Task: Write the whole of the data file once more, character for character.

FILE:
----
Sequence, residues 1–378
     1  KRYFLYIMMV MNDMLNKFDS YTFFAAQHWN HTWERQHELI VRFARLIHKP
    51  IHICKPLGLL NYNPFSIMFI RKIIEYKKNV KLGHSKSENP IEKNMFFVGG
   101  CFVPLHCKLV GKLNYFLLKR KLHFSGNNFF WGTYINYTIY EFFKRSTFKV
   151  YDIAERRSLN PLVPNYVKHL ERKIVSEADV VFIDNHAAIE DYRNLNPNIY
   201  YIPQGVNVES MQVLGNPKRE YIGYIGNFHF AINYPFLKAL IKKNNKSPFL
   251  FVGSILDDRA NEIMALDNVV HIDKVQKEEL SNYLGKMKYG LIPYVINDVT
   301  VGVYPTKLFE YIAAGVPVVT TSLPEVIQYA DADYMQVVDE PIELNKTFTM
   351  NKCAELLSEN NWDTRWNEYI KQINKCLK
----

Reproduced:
Sequence, residues 1–378
     1  KRYFLYIMMV MNDMLNKFDS YTFFAAQHWN HTWERQHELI VRFARLIHKP
    51  IHICKPLGLL NYNPFSIMFI RKIIEYKKNV KLGHSKSENP IEKNMFFVGG
   101  CFVPLHCKLV GKLNYFLLKR KLHFSGNNFF WGTYINYTIY EFFKRSTFKV
   151  YDIAERRSLN PLVPNYVKHL ERKIVSEADV VFIDNHAAIE DYRNLNPNIY
   201  YIPQGVNVES MQVLGNPKRE YIGYIGNFHF AINYPFLKAL IKKNNKSPFL
   251  FVGSILDDRA NEIMALDNVV HIDKVQKEEL SNYLGKMKYG LIPYVINDVT
   301  VGVYPTKLFE YIAAGVPVVT TSLPEVIQYA DADYMQVVDE PIELNKTFTM
   351  NKCAELLSEN NWDTRWNEYI KQINKCLK